Aujourd’hui nous avons installé notre grand collage mural sur la maison de l’écluse située entre Merry-sur-Yonne et Mailly-le-Château. Ce projet est réalisé en collaboration avec les Voies Navigables de France (VNF).
Grand merci à Martin Sauvageot et Vincent Milleraux pour leur aide indispensable avec l’installation.
Today we installed our new large mural collage on the lockhouse Ravereau along the Canal du Nivernais between Merry-sur-Yonne and Mailly-le-Chateau in Burgundy.
This work is part of the project “Les temps du flottage », initiated by the association Maillons-la-Vie and carried out in collaboration with the Voies Navigables de France (VNF). In this project several artists were asked to give their artistic vision around the theme of “Flottage”, the ancient way to transport firewood to Paris.
We’d like to thank Martin Sauvageot and Vincent Milleraux for their indispensable help with the installation.
20 ans Mouv’Art, ça se fête ! Dans ce cadre nous avons participé à l’exposition au Théâtre d’Auxerre avec l’œuvre Where are we now? En plus nous avons fait une petite exposition sauvage aux toilettes du Théatre dans le cadre de notre projet WCCV. Malheureusement, l’exposition a été annulée cause au confinement.
We celebrated Mouv’art’s 20th birthday with an exhibition at the Theatre of Auxerre. Our work Where are we now? was part of it. In addition we made a small « exposition sauvage » in the toilets of the Theatre as part of our WCCV project.Unfortunately, the exhibition was closed due to the lockdown.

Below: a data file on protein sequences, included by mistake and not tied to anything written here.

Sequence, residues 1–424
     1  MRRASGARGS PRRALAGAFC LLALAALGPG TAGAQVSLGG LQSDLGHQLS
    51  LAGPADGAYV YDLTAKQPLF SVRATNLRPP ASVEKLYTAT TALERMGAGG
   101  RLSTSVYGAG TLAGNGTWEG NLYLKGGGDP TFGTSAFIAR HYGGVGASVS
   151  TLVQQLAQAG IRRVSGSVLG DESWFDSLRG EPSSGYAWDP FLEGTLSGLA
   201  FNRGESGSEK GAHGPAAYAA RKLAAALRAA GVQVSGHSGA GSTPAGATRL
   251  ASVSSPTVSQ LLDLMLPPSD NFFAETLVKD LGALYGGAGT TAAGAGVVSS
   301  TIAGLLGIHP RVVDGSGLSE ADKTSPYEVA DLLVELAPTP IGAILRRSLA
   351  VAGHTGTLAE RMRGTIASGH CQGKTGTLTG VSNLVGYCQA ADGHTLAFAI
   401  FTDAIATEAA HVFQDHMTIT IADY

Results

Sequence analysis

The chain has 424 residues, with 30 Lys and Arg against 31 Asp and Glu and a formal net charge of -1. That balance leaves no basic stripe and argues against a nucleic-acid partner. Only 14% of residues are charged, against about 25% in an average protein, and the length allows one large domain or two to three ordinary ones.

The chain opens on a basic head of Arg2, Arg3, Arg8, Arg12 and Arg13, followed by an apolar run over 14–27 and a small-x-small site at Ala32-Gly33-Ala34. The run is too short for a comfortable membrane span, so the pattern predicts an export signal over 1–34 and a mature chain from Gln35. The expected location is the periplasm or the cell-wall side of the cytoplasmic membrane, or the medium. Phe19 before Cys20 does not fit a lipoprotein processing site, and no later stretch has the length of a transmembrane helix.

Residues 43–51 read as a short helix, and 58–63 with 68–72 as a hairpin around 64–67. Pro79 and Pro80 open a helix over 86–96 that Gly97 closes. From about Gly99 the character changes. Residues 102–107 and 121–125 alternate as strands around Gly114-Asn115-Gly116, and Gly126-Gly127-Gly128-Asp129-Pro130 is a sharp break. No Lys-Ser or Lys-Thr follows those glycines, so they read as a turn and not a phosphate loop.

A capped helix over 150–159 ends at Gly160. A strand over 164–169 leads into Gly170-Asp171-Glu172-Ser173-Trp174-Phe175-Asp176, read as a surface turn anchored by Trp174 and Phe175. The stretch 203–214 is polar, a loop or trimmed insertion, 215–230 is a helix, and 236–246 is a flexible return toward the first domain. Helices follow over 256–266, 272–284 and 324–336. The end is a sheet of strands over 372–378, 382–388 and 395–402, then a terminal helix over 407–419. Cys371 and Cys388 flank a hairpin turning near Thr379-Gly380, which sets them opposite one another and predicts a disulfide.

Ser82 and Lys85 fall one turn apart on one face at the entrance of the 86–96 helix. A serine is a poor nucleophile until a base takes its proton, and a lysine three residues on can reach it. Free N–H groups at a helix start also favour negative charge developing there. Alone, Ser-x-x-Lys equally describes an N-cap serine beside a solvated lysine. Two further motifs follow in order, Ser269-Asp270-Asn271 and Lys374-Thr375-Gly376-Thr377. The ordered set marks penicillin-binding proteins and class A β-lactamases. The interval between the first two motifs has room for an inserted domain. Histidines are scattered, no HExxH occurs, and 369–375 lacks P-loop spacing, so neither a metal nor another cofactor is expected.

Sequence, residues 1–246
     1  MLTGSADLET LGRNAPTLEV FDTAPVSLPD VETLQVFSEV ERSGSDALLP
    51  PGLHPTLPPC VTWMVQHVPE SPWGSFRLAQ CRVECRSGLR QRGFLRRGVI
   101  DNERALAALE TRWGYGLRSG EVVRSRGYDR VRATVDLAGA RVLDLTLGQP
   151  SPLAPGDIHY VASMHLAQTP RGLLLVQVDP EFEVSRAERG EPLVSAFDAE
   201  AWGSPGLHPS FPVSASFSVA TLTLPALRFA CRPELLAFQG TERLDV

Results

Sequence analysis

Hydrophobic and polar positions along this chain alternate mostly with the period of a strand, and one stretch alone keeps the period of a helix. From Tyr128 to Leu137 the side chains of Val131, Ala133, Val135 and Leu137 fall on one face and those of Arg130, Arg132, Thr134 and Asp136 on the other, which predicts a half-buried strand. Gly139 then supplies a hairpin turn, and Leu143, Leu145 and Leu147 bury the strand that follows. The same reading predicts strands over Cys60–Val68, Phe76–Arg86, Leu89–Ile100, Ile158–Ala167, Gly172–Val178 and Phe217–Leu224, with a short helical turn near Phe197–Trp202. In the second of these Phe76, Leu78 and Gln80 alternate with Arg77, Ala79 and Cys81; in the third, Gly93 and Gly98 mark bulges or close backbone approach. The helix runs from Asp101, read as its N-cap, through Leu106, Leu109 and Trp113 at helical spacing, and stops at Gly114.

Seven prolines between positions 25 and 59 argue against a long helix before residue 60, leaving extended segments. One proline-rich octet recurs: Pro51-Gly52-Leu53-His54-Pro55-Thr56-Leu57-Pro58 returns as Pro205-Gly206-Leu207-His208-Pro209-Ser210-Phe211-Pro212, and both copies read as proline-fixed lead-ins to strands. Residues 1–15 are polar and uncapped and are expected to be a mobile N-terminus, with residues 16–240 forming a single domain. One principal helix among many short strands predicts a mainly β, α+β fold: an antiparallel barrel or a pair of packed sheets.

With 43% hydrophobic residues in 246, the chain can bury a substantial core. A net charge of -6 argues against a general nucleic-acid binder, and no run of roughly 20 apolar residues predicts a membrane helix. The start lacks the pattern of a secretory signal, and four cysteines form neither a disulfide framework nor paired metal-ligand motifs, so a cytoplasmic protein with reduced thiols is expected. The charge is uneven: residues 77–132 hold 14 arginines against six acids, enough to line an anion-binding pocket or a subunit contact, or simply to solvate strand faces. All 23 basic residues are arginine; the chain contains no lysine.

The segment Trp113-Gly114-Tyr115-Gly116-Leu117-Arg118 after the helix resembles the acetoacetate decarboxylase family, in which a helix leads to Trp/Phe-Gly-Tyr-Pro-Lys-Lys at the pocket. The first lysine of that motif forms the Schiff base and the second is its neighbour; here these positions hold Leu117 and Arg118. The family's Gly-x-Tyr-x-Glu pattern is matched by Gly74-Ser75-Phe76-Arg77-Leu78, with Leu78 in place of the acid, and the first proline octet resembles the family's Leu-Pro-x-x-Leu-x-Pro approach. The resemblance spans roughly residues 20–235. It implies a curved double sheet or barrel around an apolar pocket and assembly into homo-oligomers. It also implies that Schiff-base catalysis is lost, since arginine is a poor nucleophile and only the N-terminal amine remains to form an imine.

On our way back from a road-trip to the Netherlands we have made a little detour to visit the exhibition « Construction / Disparition » of Fabrice Leroux in la Maison de l’Architecture de Lorraine, a nice little gallery in the city of Metz. We know Fabrice as part of the duo A.I.L.O (together with Anne Eve Berger). This solo work is interesting, more physical then the works we seen from A.I.L.O (who are all more or less concentrated around the inter-workings of video, light, reflections and sound). This exhibition shows – albeit quite different – a consistent own worldview. We especially liked his multilayered video « Ashes to Ashes ». Recommended !
The exhibition of work of the German painter Anselm Kiefer in the abbey of Couvent de la Tourette by Le Corbusier is one of the sideshows of the biennale de Lyon. And as the monumental building alone is sufficient reason for the trip, a good opportunity to inform ourselfs about his current works.
Kiefer’s work can best be characterized by associations. He connects elements such as ancient myths, religion and destruction. The sunflowers, the symbol of this idea of the transient nature of everything, are very present in his works.